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Wind energy rules set  

Credit:  By Larry Shields, salemnews.net 22 March 2011 ~~

SALEM – A wind energy ordinance will be forwarded to city council after the rules and ordinance committee put the finishing touches on it Monday.

Chairman John Berlin said numerous changes and revisions were made and Housing, Planning and Zoning Officer Pat Morrissey reviewed the committee’s working copy of definitions, decibel criteria, the number of turbines allowed on a site and fees.

The two types were defined as large, open-blade turbines and small fan, or “gearless blade-tip” design units with a shroud and with a blade no larger than six feet in diameter.

The smaller units will be allowed in any zone.

“That way a small business can put one up,” he said, with the board of zoning appeals determining the number at any single location.

Berlin said that was a good idea since some businesses don’t have the acreage for the large turbine units.

Large units have a proposed blade height set at 30 feet above the foundation and the system cannot generate more than 45 dB in noise 100 feet from the foundation.

The small systems have a dB of 35.

Councilman Bret Apple said he didn’t know much about how they operated regarding the decibels and Morrissey said, “If you can hear it 80 feet away it’s considered noise.”

The committee put the setback for the smaller units at 25 feet, a change from 70 feet.

“That seems reasonable,” Berlin said.

“The point of it is,” Morrissey said, “you don’t want it sitting on somebody’s property line …”

The small units put out 2.5 kilowatts, Morrissey said, noting that future models will produce more electricity and because of that, “they may get a little noisier.”

He added, “We’ll find out … if it’s a justifiable problem, we’ll find out. We’re ahead of it.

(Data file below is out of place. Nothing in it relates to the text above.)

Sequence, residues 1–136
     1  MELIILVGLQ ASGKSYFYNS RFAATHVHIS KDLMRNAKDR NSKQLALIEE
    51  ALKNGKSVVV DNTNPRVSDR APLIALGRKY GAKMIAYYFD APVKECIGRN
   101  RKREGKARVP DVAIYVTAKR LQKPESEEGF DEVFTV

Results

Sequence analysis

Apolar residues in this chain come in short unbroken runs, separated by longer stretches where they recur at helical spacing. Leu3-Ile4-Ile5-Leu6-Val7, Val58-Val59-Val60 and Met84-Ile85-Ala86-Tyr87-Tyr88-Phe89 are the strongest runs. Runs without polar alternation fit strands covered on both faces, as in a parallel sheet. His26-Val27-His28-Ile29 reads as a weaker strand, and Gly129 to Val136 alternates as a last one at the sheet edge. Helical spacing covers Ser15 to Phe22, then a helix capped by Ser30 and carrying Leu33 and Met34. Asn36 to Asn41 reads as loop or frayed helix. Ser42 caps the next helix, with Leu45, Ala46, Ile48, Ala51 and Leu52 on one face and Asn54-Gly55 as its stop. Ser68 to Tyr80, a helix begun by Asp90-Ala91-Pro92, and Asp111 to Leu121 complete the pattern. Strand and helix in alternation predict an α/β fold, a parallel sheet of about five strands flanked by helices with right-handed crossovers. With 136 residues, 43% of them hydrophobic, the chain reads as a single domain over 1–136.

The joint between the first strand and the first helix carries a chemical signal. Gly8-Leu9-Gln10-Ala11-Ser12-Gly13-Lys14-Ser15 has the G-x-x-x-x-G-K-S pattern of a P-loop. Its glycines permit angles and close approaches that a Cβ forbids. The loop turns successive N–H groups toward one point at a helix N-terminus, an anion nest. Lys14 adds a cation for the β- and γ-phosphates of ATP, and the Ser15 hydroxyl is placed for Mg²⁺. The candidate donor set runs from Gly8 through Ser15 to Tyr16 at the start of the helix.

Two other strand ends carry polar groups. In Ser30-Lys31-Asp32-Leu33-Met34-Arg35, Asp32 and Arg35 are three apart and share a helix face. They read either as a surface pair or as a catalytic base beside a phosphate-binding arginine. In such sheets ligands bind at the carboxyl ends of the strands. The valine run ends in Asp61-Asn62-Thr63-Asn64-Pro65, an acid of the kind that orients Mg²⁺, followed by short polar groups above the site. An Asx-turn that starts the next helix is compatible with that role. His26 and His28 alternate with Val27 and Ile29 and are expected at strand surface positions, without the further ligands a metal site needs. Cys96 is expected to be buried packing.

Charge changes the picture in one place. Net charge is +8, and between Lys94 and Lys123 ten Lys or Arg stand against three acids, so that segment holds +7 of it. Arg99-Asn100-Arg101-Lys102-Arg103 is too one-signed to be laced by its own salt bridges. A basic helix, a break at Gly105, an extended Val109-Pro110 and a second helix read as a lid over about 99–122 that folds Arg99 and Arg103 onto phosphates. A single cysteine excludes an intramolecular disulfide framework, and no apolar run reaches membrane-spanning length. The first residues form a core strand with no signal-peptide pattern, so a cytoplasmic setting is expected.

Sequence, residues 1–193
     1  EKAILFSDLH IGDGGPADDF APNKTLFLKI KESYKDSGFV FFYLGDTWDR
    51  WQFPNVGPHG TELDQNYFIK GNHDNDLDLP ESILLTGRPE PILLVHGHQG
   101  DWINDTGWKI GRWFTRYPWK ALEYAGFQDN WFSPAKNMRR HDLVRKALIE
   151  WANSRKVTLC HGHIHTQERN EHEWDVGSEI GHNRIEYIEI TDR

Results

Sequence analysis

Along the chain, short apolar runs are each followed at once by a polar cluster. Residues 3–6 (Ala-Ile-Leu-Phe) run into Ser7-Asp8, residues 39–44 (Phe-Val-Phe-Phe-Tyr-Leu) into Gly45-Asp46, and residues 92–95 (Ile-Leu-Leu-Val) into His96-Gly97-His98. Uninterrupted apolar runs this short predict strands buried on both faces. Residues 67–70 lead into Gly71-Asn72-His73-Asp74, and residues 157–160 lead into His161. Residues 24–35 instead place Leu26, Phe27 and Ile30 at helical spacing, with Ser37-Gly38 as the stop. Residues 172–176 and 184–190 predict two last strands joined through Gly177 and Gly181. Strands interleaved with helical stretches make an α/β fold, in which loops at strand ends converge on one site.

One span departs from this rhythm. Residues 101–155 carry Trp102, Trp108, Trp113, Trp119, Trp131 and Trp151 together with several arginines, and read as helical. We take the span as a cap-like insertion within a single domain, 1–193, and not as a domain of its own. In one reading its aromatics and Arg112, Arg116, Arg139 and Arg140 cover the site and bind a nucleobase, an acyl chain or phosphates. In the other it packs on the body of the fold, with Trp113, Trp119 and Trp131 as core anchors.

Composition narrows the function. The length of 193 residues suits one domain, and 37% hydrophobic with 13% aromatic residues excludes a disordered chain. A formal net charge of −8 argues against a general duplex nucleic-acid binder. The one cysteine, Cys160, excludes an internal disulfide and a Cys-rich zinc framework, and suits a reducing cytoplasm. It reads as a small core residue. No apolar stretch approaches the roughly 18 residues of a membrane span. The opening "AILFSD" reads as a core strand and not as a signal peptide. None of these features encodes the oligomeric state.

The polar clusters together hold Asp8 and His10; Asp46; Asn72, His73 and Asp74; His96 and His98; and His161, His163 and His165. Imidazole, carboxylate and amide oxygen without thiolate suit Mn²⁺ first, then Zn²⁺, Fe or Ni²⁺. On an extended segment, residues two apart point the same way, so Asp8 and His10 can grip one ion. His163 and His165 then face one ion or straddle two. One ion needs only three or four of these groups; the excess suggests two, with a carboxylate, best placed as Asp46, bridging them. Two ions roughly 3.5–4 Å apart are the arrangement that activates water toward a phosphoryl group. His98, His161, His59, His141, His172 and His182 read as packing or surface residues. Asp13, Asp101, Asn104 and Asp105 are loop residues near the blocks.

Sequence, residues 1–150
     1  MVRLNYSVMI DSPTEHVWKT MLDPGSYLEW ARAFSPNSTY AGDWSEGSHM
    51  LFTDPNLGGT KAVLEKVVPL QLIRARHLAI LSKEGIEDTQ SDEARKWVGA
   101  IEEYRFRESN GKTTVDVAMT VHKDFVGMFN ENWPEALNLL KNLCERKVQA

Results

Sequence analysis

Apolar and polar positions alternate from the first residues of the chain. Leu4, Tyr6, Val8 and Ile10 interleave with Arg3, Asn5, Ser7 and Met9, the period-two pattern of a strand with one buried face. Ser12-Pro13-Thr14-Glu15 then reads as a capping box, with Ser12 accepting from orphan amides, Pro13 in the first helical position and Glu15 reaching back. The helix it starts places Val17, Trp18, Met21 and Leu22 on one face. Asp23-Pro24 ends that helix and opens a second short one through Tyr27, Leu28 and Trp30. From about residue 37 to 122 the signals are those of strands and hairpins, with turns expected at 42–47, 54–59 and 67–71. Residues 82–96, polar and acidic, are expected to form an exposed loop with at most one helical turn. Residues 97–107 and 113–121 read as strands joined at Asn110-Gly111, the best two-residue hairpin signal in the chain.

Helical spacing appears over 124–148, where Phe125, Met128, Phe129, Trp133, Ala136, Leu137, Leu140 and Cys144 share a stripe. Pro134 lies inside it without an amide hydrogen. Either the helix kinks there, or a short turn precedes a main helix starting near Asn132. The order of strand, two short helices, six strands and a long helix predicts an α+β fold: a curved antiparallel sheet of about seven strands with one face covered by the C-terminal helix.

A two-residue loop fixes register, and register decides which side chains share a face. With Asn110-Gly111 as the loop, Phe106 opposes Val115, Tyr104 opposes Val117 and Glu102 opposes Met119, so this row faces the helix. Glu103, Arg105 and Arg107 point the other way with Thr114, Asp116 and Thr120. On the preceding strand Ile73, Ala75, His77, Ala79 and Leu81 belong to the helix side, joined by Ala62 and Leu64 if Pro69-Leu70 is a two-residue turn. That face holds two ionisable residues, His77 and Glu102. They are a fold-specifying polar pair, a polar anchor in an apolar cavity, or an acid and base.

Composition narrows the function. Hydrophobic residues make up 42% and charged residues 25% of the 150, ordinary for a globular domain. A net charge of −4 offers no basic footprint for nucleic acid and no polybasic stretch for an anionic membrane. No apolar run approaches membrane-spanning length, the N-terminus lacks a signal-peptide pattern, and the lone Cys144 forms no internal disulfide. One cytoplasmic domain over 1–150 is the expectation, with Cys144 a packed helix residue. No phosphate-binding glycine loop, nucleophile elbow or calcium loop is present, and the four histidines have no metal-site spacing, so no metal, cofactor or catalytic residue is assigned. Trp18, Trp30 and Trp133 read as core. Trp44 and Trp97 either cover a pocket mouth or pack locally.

Apple asked about the criminal and civil aspects in the ordinance and Morrissey said the law director advised that it should be included.

“What would they be charged with?” Apple asked and wondered how it would be determined when the unit was last used.

Morrissey said the last used issue could be determined by the connection with the power company and if the annual fee was not paid.

“An indication of it not being used would be not reapplying for a permit,” he said, adding a they probably wouldn’t pay the liability insurance which is a requirement on the application.

Source:  By Larry Shields, salemnews.net 22 March 2011

This article is the work of the source indicated. Any opinions expressed in it are not necessarily those of National Wind Watch.

The copyright of this article resides with the author or publisher indicated. As part of its noncommercial effort to present the environmental, social, scientific, and economic issues of large-scale wind power development to a global audience seeking such information, National Wind Watch endeavors to observe “fair use” as provided for in section 107 of U.S. Copyright Law and similar “fair dealing” provisions of the copyright laws of other nations. Send requests to excerpt, general inquiries, and comments via e-mail.

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